• mikanrealist

    It can be very profitable. I bought a 10 yr old condo in Hiroo in 2009, rented it out for five years (with profit and positive cashflow every month) and sold in 2015 for 123% of my purchase price.

    • The Real Deal

      Are you including your maintenance fees, taxes and insurance? I guess not.

      • mikanrealist

        Yes, all included. Rent was about 2.4 million per year, condo assoc. fees 194,000, property manager 54,000, property tax 150,000, insurance 50,000, interest 565,000, principal 1,350,000, free cashflow 50,000.

        • The Real Deal

          Sounds great. Was that 50,000 a month? Or per year?

          • The Real Deal

            One more question. What was the monthly mortgage payment, or did you buy all cash? Thanks!

            I think I see it. Too lazy to get a calculator!

          • mikanrealist

            All annual. To figure the profit, you would need to subtract principal but add depreciation/amortization, so it depends on how you choose to depreciate (of course, this gives an off-setting increase to your gain at the end) and what your loan costs were.

            My mortgage payment was about 1,915,000 per year -about 160,000 per month – but that was with 100% financing

          • The Real Deal

            I own a two-unit apartment building, among other properties. Also 100% financing. Mortgage 117,000 yen a month. Rent 100,000 yen per month. The usual taxes and insurance fees. In ten more years or so the rent will have covered my costs. Hope to sell building for around 70% of what I paid for it. Then I have to pay taxes on the sale. That’s realism. That’s the usual way it works here in small-city Japan.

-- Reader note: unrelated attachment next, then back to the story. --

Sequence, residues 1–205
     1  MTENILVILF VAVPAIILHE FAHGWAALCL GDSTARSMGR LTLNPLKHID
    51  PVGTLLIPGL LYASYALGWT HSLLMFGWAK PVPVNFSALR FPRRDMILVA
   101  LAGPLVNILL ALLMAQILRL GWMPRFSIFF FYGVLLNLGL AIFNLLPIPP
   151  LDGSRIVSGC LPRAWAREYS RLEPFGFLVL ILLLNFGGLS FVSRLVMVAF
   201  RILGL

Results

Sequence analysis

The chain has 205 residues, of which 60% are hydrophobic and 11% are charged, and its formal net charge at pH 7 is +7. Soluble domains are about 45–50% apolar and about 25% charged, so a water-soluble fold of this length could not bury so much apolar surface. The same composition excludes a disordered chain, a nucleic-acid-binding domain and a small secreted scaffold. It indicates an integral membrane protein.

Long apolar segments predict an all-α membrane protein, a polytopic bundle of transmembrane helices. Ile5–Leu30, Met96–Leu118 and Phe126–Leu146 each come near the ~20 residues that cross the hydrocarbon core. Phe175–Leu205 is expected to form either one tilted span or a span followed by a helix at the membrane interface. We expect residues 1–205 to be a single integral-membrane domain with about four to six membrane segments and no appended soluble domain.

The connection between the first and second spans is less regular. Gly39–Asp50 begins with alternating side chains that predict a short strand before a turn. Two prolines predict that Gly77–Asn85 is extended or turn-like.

This depreciation business? A value on paper. What does it relate to? Is it a chunk of money that one has in one’s hand? Is it a tax deduction?

            I have an accountant who deals with this stuff.

            Your way sounds good. You sold for 123%. Great. What did you walk away with? I’m talking real money here. Net. Not gross. Not bar-room swagger and boasting. Thanks again.

          • mikanrealist

            Bought at 47, sold at around 58 (net of fees, etc.) Since I bought in 2009 and sold more than 5 years later, 0 tax on the gain.

            But that’s Hiroo. I’m not very confident about outside greater Tokyo (I do have a few other Tokyo places).

          • The Real Deal

            So your profit (real profit, as in net profit, not gross, not fictitious, not estimated) was 1,100,000 yen, or around 10,000 US dollars. Right? If so, I applaud your business acumen.

            [What does “net of fees” mean? After fees?]

            Thanks and Good Luck!

          • mikanrealist

            Around 11 million yen (US$100,000).

            And net of fees means after fees – so the real sales pice (before fees) was about 60 million.

          • The Real Deal

            Excellent. Well-done! Medium-rare!